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Stirling engine in the cooling system of a car

5 Jul 2008
Progress: Concept

Modern cars are inefficient. Even hybrid cars are inefficient. All internal combustion engines are inefficient.

Internal combustion engines work on the explosive force from burning the fuel. External combustion engines work purely on the heat created by burning the fuel. Huge amounts of heat are wasted in internal combustion engines, since all they do is pump the heat into a radiator to dissipate. And no energy at all is taken from the expanding force of burning fuel in an external combustion engine.

It's ridiculous - why has no one thought to combine the two?

The closest thing I've seen to it is the so-called "six stroke cycle". Here, instead of a cooling system, cold water is pumped into the pistons each stroke, and the heat causes it to evaporate, driving the piston down for another stroke. This is apparently as much as 40% more efficient than a standard 4 stroke. However, obviously, it needs a cool supply of water to function, so it's only suited for things like power stations and so on.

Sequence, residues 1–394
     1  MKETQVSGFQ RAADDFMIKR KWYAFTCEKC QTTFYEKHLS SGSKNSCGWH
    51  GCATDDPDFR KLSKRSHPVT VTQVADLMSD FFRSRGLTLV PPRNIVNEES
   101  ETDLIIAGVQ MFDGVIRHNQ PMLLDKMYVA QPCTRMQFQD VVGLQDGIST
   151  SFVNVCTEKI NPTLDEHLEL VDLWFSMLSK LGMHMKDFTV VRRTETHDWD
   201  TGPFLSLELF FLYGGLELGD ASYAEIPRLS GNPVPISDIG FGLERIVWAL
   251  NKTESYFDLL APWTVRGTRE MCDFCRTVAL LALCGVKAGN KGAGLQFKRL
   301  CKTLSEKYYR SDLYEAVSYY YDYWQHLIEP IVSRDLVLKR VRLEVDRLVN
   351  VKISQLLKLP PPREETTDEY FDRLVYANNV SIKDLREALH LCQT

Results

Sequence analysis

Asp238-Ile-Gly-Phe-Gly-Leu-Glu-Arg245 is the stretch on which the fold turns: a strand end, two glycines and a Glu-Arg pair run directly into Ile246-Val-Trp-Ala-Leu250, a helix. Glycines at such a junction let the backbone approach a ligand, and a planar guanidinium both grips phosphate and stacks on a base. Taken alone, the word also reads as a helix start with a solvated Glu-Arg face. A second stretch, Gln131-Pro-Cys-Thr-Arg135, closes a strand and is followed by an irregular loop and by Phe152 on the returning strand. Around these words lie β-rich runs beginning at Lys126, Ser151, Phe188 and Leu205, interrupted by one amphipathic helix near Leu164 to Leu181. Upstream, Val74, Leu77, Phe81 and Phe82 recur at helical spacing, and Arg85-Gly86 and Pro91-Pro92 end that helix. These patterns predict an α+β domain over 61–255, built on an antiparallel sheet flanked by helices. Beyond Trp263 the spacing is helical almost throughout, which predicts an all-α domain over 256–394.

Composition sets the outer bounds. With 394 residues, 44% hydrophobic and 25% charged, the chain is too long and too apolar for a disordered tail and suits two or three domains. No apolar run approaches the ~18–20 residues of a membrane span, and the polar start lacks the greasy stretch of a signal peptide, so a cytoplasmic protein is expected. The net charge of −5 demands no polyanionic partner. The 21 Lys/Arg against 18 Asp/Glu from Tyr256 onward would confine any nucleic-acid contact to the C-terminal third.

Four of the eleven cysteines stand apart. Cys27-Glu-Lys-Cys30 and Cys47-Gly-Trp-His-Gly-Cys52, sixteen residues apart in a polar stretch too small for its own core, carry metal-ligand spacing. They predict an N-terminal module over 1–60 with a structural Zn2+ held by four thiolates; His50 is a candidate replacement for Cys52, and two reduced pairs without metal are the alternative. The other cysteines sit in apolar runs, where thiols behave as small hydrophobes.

My proposal doesn't mean a complete redesign of the car engine. All I'm saying is, use the mechanism from a Stirling engine (an external combustion engine) to cool the body of your standard internal combustion engine. There'd be no need to make complicated gear boxes to take two sources of power, it could be just as simple as the main engine driving the wheels, the Stirling engine charging the battery and electrics.

This would be even easier to implement into a hybrid car.

If you can't see the benefit of doing this, well, there's not much I can say to persuade you. I guess I'll just have to build a working prototype, which won't be for a while.